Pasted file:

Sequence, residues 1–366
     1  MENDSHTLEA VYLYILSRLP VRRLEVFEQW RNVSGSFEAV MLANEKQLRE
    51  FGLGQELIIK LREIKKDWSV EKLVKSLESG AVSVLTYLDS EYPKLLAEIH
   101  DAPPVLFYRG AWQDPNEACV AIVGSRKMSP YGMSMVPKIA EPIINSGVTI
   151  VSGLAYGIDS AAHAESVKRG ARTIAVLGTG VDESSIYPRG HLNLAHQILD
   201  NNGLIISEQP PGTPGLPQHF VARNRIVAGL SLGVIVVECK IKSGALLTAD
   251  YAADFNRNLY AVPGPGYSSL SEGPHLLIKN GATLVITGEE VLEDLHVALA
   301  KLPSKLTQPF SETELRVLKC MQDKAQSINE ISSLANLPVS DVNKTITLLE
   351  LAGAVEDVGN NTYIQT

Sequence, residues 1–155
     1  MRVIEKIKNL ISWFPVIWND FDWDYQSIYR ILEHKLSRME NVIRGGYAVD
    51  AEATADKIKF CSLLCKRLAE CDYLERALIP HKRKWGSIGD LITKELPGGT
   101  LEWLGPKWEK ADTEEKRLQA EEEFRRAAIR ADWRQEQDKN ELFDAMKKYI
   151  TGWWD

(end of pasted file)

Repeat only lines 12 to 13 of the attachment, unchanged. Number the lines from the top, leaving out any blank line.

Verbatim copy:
    51  AEATADKIKF CSLLCKRLAE CDYLERALIP HKRKWGSIGD LITKELPGGT
   101  LEWLGPKWEK ADTEEKRLQA EEEFRRAAIR ADWRQEQDKN ELFDAMKKYI